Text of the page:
Mars has gone through a series of global volcanic upheavals

March 15th, 2008 - 1:08 pm ICT by admin  

London, March 15 (ANI): A new analysis of impact cratering data, using images from the High Resolution Stereo Camera (HRSC) on Mars Express, has revealed that the Red Planet has undergone a series of global volcanic upheavals.

These violent episodes spewed lava and water onto the surface, sculpting the landscape that ESA’s Mars Express looked down upon.

According to Gerhard Neukum, Freie Universitat Berlin, Germany, and colleagues, who are discovering the history of the Red Planet’s geological activity, “We can now determine the ages of large regions and resurfacing events on the planet.”

Resurfacing occurs when volcanic eruptions spread lava across the planet’s surface.

The new analysis has suggested that the sculpting of the Martian surface has not proceeded in a steady fashion, as it does on Earth.

Rather, the team has discovered that Mars has been subject to violent volcanic activity five times in the past, after the early supposedly warmer and wetter phase, more than 3.8 thousand million years ago. In between these episodes, the planet has been relatively calm.

The five volcanic episodes stretch throughout Martian history, occurring around 3.5 thousand million years ago, 1.5 thousand million years ago, 400-800 million years ago, 200 million years ago and 100 million years ago.

According to Neukum, the dates of the earlier episodes are correct to within 100-200 million years and that the later dates are correct to within 20-30 million years.

The ages have been estimated by counting the number of small craters that appear on the landscape. The idea is simple: the older the surface, the more craters it will have accumulated as meteorites of all sizes have struck over the ages.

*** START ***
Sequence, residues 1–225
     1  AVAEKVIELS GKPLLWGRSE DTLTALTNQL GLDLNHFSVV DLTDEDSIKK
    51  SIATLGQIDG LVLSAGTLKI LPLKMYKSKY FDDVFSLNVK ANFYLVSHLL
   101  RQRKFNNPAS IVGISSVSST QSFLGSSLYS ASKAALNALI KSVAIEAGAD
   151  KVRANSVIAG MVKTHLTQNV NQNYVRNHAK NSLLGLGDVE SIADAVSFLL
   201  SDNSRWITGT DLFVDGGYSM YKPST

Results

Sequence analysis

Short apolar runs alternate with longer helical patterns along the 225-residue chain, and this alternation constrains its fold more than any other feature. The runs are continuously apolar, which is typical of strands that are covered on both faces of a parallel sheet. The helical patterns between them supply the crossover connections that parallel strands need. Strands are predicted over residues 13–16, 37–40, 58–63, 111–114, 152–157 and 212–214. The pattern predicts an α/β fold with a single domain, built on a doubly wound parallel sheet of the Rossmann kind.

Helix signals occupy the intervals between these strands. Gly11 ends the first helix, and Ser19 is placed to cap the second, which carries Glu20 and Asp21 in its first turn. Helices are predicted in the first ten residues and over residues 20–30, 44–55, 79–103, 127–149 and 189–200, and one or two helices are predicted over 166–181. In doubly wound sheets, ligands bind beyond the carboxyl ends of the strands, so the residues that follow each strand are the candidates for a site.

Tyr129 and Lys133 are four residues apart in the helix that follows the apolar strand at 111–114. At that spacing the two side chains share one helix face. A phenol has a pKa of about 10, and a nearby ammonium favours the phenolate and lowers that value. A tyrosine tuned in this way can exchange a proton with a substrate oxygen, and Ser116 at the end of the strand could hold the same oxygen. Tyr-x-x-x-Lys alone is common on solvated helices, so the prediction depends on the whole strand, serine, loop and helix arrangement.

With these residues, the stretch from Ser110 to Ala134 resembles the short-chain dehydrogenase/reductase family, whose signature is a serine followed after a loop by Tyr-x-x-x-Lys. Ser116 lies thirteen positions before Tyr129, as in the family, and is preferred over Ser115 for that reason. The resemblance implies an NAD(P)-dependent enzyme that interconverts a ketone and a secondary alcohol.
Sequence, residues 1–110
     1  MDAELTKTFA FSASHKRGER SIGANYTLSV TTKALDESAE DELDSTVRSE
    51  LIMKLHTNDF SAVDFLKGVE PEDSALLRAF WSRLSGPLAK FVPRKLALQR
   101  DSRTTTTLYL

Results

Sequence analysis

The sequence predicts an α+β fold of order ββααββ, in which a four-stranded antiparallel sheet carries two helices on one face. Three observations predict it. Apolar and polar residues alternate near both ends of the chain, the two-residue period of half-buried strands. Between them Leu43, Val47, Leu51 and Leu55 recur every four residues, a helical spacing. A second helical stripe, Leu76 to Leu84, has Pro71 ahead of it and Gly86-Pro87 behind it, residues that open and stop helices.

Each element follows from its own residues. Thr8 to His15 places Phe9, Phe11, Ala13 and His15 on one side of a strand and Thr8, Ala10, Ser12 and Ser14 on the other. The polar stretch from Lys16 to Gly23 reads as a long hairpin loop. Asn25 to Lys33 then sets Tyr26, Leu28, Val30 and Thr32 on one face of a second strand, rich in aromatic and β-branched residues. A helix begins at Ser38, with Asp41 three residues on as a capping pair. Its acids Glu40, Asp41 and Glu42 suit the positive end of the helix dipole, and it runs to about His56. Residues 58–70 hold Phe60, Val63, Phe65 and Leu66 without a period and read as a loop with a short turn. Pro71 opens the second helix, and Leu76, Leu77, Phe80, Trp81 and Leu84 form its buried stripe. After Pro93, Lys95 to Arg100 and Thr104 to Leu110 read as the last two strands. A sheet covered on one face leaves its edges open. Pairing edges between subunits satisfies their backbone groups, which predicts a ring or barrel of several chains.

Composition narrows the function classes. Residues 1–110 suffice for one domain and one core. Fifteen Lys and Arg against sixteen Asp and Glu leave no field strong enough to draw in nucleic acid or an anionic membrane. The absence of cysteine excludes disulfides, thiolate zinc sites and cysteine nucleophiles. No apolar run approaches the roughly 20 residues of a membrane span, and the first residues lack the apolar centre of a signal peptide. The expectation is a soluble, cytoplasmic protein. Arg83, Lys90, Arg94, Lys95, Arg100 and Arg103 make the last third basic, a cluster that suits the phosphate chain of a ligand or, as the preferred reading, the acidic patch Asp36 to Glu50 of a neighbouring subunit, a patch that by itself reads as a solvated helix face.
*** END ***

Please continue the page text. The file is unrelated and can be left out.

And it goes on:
During these volcanic episodes, eruptions of lava flowed across Mars. The internal heat generated by the volcanic activity also caused water to erupt from the interior, causing wide-scale flash flooding.

As for why Mars behaves like this, geophysical computer-based models have suggested that the planet has been trying to establish a system of plate tectonics, as there is on Earth where the crust is broken into slowly moving plates.

On Mars, the volcanic episodes represent the planet almost achieving, but not actually attaining, plate tectonics and these volcanic episodes might not be over.

“The interior of the planet is not cold yet, so this could happen again,” said Neukum.

Far from revealing a geologically dead world, Mars Express is exposing a place of subtle activity that could still erupt into something more spectacular. (ANI)

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